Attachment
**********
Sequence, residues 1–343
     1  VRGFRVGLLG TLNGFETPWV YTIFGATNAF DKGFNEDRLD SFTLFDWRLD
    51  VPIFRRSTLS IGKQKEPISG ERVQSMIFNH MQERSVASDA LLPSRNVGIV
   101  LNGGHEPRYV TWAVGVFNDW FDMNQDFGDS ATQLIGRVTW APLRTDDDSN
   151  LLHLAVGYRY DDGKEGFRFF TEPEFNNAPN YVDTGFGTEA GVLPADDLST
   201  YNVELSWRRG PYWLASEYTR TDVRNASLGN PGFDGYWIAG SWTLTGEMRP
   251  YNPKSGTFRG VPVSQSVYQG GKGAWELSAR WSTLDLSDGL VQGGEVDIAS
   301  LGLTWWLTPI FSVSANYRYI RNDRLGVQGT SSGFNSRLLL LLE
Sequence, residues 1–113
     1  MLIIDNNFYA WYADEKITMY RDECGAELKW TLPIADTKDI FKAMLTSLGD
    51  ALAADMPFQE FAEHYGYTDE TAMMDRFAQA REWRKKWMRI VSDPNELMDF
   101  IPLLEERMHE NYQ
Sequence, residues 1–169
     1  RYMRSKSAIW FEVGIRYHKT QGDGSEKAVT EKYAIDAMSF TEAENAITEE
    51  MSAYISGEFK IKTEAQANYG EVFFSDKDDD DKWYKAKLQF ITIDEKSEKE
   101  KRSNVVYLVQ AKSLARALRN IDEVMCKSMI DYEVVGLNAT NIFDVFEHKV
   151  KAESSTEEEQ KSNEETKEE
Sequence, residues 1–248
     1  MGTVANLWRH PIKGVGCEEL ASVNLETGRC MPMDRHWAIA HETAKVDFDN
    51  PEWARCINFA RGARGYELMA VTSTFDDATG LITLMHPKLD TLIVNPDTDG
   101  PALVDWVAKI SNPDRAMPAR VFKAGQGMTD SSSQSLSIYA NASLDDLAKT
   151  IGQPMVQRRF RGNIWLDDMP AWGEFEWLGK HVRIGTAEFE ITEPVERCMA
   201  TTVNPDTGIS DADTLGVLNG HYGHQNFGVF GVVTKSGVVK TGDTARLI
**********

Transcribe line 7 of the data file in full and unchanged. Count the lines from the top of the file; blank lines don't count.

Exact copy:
   251  YNPKSGTFRG VPVSQSVYQG GKGAWELSAR WSTLDLSDGL VQGGEVDIAS